Multinational Corporations or Transnational Corporations are very large firms with headquarters in one country but with several subsidiaries or centers distributed in various countries of the world. Such companies were in existence for a long time. The English East India Company and British South Africa Company were two such companies, associated with old fashioned colonialism.
Most of the former colonies of the erstwhile imperial powers gave way to independent states. At the same time the United States of America rose as the foremost industrial power in the world. Naturally, the giant corporations of US grew, beyond its borders, much quicker than those of other countries. The UK, France and Germany along with other European and Asian countries, including India, too have their multinationals. However, the US based ones outnumber others. All of the MNCs have tremendous clout, and they can raise capital easily to invest in other countries.
The MNCs invest in developing countries not motivated by humanitarian considerations but with the aim of maximizing their profit. They find lower labour cost and lower social and environmental costs in the poor countries attractive. Among such countries wherever the government policy allows the repatriation of money easily, they are likely to invest liberally. Recently, after the liberalization of the economy policy of India, there is a remarkable spurt in the investment of MNCs in India. Liberalization means on these giant corporations, easier and quicker recovery of their invested money. They had the present economic policy of India congenial to their aims and naturally their investments have increased.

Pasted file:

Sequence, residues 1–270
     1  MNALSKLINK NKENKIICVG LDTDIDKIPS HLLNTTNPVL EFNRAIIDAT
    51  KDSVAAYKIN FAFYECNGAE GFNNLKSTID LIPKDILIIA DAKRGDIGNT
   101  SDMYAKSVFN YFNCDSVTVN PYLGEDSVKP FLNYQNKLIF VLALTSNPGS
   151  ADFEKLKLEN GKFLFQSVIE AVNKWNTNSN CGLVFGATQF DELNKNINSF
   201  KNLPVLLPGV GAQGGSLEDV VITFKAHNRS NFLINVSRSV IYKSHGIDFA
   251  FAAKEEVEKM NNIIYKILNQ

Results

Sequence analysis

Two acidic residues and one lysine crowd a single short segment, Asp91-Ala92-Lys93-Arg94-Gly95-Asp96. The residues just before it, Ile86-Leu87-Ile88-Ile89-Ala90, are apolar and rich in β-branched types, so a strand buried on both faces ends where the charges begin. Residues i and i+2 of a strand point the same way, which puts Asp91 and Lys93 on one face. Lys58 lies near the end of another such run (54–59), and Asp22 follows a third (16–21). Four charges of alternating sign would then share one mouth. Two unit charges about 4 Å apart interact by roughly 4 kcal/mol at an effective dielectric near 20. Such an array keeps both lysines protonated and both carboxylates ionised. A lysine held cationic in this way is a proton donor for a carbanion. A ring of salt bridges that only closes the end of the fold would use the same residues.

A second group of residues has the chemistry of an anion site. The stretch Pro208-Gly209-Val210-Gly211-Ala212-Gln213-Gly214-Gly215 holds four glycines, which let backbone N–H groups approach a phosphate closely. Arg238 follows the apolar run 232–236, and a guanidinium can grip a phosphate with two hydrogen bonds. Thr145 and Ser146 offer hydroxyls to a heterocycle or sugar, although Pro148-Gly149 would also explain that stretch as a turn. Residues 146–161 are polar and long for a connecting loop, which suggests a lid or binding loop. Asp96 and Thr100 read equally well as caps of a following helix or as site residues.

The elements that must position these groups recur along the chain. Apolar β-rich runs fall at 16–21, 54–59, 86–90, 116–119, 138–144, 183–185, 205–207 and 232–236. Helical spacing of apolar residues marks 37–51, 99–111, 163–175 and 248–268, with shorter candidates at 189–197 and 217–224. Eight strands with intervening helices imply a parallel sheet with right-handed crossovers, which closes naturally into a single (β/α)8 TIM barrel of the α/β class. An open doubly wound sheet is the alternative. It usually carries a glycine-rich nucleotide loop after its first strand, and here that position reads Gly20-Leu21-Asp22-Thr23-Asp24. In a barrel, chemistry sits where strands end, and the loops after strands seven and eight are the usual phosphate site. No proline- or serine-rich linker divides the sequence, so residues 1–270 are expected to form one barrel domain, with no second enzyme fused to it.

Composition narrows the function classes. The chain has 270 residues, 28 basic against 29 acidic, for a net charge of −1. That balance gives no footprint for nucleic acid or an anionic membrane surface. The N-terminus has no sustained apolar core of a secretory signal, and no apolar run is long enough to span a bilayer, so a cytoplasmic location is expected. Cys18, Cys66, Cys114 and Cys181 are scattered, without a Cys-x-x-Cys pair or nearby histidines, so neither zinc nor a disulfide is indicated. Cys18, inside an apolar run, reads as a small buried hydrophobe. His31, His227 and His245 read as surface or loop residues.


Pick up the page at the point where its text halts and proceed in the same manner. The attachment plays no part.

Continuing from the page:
The effect of Multi National Companies on Indian economy is a debatable one. There are many fine points which need to be deliberated before we can come to any conclusion about their effects on Indian economy and society. On one hand, they have brought tremendous economic development in India but on the other hand they have also worked, though unintentionally, to change the societal picture, which is not very easy for the Indian society.
The Indian industry has progressed a lot from the time of independence to the present day. Except one or two steel mills India didn’t have any large scale industry in the forties. Now we have gone very much ahead, in heavy and light engineering, petroleum, chemical, pharmaceutical and IT industries. Without the technical knowhow, managerial skill and capital flowing is from advanced countries, this development would not have taken place. Still we have to proceed much further if we have to gain our due share in the world industrial scene, a share in accordance with the size and population of the country. One has to admit that for rapid progress in industrialization, we still need state of the art technology, modern managerial skill and massive induction of capital. However, we do feel constrained in all the three. Multinationals can play a very useful role here. They can help to solve the unemployment and poverty problems also one of the stumbling blocks in the path of India’s progress. The enormous investment that is needed to create job opportunity to all, or nearly all, is beyond the resources of the country.
The MNCs with their clout in money market world over can raise the needy capital easily. Large scale investment in new ventures creates job opportunities, directly in those ventures they plunge in. There is a general spurt in the economy leading to more demand for services, skilled and unskilled. When the economy leaps up, the trickling down effect it causes in society, those at the lower levels too are also benefited. If the process works well, society will be freed from the throttling effect of unemployment and poverty. Better educational facilities arise wiping out ignorance amid superstition. One should expect the MNCs to bring in the latest in technical knowledge. For their aim will be to get profited from best possible performance and managerial skill.